KINGSTOWN, St. Vincent — Minister of Agriculture Montgomery Daniel yesterday made snide remarks about the nation’s African and East Indian descendants as he responded to a protester who reportedly insulted his Garifuna lineage during a banana farmers’ demonstration outside his ministry on Friday.
“… one of the placards that I read on the [picket] line said ‘Gomery must go’. Well, I tell you, I know where I come from. I know where I can go. Comrades, from an individual, I heard certain comments. But I say to you, I am born of Carib descendants. Nobody ain’t gotta tell me that. I born right here, nobody ain’t got to tell me that. Comrades, no boat aint bring me here in chains and I did not come here in indenturedship. So, I know where I come from. And comrades, I know where I am going,” Daniel said.
He was speaking at the Unity Labour Party’s rally in Sandy Bay, where the majority of the residents are descendants of the nation’s indigenous Garifuna.
Daniel was at the time speaking about a meeting with banana farmers, some of whom, he said, are not interested in the banana industry but “in something else”. He emphasised that he won the 2001, 2005, and 2010 general elections and promised to win again if he contest the next elections.
“So tell Bowman and company that Montgomery Daniel know where he comes from. And Montgomery Daniel know where he going. And is the people of North Windward to decide whether or not I stay or go,” Daniel further said.
Daniel’s remarks came one day after Prime Minister Dr. Ralph Gonsalves, in a speech to the United Nations, emphasised the country’s Garifuna heritage.
“The people of St. Vincent and the Grenadines have a long and proud history of resistance to slavery, bigotry and genocide, dating back to the heroic resistance of the Garifuna peoples against British aggression in the late 1700s,” Gonsalves told the U.N. General Assembly Saturday morning.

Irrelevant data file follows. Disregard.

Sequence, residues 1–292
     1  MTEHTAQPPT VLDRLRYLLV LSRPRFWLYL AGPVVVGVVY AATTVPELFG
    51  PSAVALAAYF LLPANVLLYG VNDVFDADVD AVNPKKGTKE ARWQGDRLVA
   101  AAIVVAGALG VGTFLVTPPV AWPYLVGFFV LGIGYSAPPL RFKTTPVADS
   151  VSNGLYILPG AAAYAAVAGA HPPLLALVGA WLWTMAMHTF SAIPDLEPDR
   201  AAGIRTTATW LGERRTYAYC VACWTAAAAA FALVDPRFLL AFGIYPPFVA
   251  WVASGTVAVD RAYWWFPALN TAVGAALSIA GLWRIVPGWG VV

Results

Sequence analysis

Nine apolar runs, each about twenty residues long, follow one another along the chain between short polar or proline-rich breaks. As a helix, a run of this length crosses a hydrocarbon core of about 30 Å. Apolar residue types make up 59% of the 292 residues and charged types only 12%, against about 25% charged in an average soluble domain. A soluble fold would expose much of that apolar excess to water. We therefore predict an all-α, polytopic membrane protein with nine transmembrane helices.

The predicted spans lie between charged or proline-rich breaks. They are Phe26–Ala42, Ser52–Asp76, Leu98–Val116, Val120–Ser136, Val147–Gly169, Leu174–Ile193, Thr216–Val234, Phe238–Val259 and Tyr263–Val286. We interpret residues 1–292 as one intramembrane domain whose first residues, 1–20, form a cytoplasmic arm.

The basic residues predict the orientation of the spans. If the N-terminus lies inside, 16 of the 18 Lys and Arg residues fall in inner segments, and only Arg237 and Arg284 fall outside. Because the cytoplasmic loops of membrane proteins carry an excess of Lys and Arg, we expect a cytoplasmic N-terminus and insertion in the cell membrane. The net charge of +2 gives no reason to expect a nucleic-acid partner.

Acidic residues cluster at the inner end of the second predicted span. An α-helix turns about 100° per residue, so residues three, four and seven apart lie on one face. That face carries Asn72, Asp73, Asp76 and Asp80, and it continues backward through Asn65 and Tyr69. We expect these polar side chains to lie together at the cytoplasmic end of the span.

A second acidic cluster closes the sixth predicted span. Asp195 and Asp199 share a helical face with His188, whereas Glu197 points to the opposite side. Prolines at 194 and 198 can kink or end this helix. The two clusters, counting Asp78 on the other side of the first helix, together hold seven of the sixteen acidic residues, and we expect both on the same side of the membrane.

This year is the International Year for People of African Descent and Gonsalves, in his speech, called for an apology and reparation for the Atlantic Slave Trade.
“While we celebrate the noble heroism of the famous and the faceless who resisted racist colonial hegemony, we must continue to confront the legacy of this barbarism and continuing injustice. The wounds of this era are deep, the crimes against humanity are clear, and the necessity for apology and reparations are undeniable,” he said.
Responding to a question at a town hall meeting with Vincentians in Brooklyn Saturday night, Gonsalves said the “Garifuna issue [is not] an esoteric matter for a fringe group. No! It is central to our being as our people”.
He noted that in each of his at Independence and to the United Nations, he speaks of addresses the issue of the genocide committed against the Garifuna people.
“Our government has a real sensitivity to it and for the promotion of the Garifuna history and culture,” Gonsalves said, noting that his Unity Labour Party government declared Chatoyer a national hero.
Gonsalves, in his response, further said that he thinks it is important to teach the Garifuna language in Vincentian schools.
He, however, said that suggesting that Garifuna should be the language of communication is SVG would be “an absurdity”.
“You can’t wipe away the fact that you are an English-speaking nation and that, in fact everybody in the world want to learn to speak English and Mandarin for the modern world in which we are living and in which we have to be engaged in production and a lot of other social intercourse,” Gonsalves said.